Fiber optics, or optical fiber, refers to the medium and the technology associated with the transmission of information as light pulses along a glass or plastic strand or fiber. Fiber optic "cable" refers to the complete assembly of fibers, other internal parts like buffer tubes, ripcords, stiffeners, strength members all included inside an outer protective covering called the jacket. Fiber optic cables come in lots of different types, depending on the number of fibers and how and where it will be installed. It is important to choose cable carefully as the choice will affect how easy the cable is to install, splice or terminate and what it will cost.
Fiber optic cables can be submerged in water and are used in more at-risk environments like undersea cable. Fiber optic cables are also stronger, thinner and lighter than copper wire cables and do not need to be maintained or replaced as frequently. Copper wire is often cheaper than fiber optics, however, and is already installed in many areas where fiber optic cable hasn't been deployed. Glass fiber also requires more protection within an outer cable than copper, and installing new cabling is labor-intensive, as it typically is with any cable installation.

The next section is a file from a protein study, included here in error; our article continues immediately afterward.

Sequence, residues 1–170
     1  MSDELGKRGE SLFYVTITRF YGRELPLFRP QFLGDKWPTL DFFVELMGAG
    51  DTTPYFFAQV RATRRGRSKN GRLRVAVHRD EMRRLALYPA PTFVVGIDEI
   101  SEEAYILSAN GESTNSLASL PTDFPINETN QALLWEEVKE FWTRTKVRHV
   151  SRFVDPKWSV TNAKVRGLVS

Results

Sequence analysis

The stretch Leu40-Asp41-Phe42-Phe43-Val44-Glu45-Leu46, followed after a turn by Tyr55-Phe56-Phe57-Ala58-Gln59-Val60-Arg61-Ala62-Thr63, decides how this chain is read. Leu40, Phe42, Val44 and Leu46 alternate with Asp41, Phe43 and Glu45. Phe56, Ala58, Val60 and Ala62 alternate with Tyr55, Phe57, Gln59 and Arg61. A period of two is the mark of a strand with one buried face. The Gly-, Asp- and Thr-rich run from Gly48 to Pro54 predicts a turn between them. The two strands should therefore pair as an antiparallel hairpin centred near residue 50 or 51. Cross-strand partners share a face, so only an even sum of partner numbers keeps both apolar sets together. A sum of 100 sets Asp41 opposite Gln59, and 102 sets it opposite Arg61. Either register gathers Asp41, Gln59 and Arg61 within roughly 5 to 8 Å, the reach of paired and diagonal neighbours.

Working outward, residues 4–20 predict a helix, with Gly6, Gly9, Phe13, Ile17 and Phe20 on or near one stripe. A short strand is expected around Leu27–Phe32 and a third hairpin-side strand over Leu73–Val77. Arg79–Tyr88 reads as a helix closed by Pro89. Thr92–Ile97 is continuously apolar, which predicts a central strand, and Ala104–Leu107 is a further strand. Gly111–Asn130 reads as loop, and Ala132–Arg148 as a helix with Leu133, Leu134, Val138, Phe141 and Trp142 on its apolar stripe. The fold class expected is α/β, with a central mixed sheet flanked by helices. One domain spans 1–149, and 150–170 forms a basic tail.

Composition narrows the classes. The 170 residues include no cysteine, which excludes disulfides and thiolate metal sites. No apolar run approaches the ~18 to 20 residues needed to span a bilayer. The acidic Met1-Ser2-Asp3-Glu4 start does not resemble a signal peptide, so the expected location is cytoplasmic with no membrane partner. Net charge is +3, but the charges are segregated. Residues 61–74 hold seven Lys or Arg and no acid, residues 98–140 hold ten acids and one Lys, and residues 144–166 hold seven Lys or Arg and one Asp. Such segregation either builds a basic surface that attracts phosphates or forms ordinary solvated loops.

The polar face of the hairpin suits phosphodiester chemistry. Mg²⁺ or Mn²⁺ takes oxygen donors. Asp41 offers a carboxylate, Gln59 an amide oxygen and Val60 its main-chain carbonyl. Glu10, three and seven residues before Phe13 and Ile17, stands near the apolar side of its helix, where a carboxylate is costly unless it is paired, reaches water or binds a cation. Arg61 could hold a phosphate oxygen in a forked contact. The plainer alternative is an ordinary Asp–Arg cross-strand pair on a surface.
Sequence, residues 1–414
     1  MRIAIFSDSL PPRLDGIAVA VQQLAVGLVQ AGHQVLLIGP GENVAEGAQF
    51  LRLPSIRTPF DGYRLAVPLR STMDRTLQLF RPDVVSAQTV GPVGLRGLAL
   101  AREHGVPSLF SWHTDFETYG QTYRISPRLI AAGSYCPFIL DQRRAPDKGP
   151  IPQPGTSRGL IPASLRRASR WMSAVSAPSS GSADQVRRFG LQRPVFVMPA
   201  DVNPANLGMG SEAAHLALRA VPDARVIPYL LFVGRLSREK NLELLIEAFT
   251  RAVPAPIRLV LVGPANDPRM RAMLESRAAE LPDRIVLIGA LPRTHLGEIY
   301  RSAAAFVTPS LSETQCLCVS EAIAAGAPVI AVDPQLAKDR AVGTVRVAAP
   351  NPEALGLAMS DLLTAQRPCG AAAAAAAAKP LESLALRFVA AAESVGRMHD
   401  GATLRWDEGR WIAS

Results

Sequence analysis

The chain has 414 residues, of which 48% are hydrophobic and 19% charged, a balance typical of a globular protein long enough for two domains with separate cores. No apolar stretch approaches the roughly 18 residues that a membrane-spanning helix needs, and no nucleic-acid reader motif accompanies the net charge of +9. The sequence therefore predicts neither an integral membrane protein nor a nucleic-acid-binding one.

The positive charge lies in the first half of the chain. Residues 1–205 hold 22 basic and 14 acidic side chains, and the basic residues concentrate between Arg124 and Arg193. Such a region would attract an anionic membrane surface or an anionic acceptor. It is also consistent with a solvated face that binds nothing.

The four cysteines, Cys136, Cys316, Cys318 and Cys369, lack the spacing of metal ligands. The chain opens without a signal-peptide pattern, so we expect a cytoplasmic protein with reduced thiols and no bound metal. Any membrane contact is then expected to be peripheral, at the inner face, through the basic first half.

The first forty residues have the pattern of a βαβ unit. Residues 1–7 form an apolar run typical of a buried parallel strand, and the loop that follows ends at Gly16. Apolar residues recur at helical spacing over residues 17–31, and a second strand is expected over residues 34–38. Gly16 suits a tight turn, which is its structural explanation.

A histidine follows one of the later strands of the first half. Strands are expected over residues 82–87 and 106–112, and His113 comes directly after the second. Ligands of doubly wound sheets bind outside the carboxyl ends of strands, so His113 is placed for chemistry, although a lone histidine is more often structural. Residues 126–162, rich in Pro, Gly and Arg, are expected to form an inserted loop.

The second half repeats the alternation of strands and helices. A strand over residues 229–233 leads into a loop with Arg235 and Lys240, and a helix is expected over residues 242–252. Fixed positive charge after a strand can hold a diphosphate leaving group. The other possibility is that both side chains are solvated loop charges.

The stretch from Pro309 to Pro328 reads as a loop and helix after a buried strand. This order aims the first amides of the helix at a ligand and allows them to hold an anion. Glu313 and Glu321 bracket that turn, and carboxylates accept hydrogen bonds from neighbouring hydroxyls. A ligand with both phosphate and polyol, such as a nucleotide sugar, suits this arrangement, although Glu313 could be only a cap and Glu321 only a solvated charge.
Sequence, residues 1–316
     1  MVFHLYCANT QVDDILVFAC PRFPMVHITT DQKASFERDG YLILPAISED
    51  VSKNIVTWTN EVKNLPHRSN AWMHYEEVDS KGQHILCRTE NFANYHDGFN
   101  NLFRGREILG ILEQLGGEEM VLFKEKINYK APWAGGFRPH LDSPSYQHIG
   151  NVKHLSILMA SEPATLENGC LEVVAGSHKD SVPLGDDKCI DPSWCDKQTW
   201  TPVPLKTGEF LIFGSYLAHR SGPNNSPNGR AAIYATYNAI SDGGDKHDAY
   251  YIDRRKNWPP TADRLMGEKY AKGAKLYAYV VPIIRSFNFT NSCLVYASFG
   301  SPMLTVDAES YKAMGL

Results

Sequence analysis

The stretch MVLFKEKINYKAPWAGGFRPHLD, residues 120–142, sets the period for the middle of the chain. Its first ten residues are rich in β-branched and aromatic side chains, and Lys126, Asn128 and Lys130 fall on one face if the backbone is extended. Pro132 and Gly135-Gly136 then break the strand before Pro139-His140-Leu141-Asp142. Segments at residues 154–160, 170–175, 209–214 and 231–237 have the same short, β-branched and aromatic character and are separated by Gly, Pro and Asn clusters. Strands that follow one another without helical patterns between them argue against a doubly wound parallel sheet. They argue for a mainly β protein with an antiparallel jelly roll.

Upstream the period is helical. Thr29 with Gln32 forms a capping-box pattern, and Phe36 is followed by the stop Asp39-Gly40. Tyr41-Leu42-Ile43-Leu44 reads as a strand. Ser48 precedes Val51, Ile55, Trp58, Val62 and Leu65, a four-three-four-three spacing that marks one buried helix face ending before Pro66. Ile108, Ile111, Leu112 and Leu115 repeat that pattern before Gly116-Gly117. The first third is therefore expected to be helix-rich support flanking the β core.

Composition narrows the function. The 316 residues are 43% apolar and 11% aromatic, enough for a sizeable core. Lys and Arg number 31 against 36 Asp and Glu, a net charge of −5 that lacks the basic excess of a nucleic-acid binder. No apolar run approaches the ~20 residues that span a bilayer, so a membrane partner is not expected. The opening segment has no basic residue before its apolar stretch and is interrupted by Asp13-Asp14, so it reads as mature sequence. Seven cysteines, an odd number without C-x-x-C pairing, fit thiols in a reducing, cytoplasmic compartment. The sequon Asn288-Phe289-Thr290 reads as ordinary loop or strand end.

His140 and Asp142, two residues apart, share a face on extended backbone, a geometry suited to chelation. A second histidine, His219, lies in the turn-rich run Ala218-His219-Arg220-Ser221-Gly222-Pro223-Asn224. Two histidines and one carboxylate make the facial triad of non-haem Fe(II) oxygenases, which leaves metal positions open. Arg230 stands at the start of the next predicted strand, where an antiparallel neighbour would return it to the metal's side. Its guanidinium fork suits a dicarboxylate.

Fiber optics is frequently used in a variety of medical instruments to provide precise illumination. It also increasingly enables biomedical sensors that aid in minimally invasive medical procedures. Because optical fiber is not subject to electromagnetic interference, it is ideal for various tests like MRI scans. Other medical applications for fiber optics include X-ray imaging, endoscopy, light therapy and surgical microscopy.